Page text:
Slahi’s manuscript was subjected to more than 2,500 redactions before declassification, ostensibly to protect classified information, but with the effect of preventing readers from learning the full story of his ordeal. The book is being published with all the censor’s marks in place, and the publishers – Canongate in the UK and Little, Brown in the US – hope they will be able to publish an uncensored edition when Slahi is eventually released.

    Although one federal court has ordered his release on the grounds that the evidence against him is thin and tainted by torture, Slahi has been languishing in a form of legal limbo since December 2012 after the justice department entangled the case in an unresolved appeal. Several US officials have indicated that he is unlikely to be released this year. One, who spoke to the Guardian on condition of anonymity as he had not been cleared to do so, said getting Slahi out of Guantánamo was not a priority. “Our focus is acutely on the individuals who have been approved for transfer,” he said. Slahi is not among them.

    Slahi describes the toll the abuse has taken on his body and mind: “I started to hallucinate and hear voices as clear as crystal. I heard my family in a casual familial conversation … I heard Qur’an readings in a heavenly voice. I heard music from my country. Later on the guards used these hallucinations and started talking with funny voices through the plumbing, encouraging me to hurt the guard and plot an escape. But I wasn’t misled by them, even though I played along.” ‘We heard somebody – maybe a genie!’ they used to say. ‘Yeah, but I ain’t listening to him,’ I responded … I was on the edge of losing my mind.”The American Civil Liberties Union has launched an online petition calling for Slahi’s release. Hina Shamsi, director of the ACLU’s national security project, said: “Mohamedou Slahi is an innocent man whom the United States brutally tortured and has held unlawfully for over a decade. He doesn’t present a threat to the US and has never taken part in any hostilities against it.“We’re asking the government to put an end to Mohamedou’s years-long ordeal by not contesting his habeas case and releasing him without delay. We hope everyone moved by Mohamedou’s story of abuse and unlawful detention will join us in seeking his freedom.”The 44-year-old travelled twice to Afghanistan in the early 1990s. There, he swore allegiance to al-Qaida and joined the fight against the Soviet Union-backed regime in Kabul. He says he severed all connection with the group in 1992.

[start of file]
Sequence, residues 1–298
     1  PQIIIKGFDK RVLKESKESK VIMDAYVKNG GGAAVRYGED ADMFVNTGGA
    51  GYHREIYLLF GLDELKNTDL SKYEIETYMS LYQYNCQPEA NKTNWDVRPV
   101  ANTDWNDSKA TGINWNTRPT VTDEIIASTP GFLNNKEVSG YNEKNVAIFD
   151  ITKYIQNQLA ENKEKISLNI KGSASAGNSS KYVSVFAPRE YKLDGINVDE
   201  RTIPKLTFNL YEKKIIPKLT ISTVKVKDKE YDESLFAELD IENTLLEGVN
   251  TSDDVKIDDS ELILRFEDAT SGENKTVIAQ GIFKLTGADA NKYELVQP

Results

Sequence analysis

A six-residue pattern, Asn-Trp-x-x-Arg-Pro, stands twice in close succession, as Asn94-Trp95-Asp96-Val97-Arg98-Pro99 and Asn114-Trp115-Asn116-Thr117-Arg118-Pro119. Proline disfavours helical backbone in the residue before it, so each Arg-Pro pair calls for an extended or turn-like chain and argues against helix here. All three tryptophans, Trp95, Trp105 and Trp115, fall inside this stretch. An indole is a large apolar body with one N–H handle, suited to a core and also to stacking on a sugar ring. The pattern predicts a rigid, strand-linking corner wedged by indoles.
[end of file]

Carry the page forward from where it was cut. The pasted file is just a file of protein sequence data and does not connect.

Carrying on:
ut after 9/11 he was detained on suspicion of being involved in an unsuccessful plot to bomb Los Angeles international airport while living in Canada in 1999. No evidence has been found to support the allegation, other than his own forced confessions. In 2004 a military lawyer refused to play any further part in the prosecution on the grounds that the evidence against him was the product of torture.The chief military commissions prosecutor in the mid-2000s, Air Force colonel Morris Davis, later said he could not find any offence with which to charge Slahi.The detainee’s lawyer, Nancy Hollander, said: “Mohamedou has never been charged with anything. The US has never charged him with a crime. There is no crime to charge him with. It’s not that they haven’t found the evidence against him – there isn’t evidence against him. He’s in what I would consider a horrible legal limbo, and it’s just tragic: he needs to go home.“Mohamedou’s book takes us into the heart of this man the US government tortured, and continues to torture with indefinite detention. We feel, smell, even taste the torture he endures in his voice and within his heart. It is a book everyone should read.”Publisher Jamie Byng said Slahi’s account was one of the most significant books Canongate would ever publish. “It’s a gracious, brutal, humbling, at times funny, but more often enraging, and ultimately heartbreaking testimony by a truly gifted writer. And all of his many international publishers hope that by bringing his story to the wider world we can play a part in ending his wrongful and barbaric imprisonment.”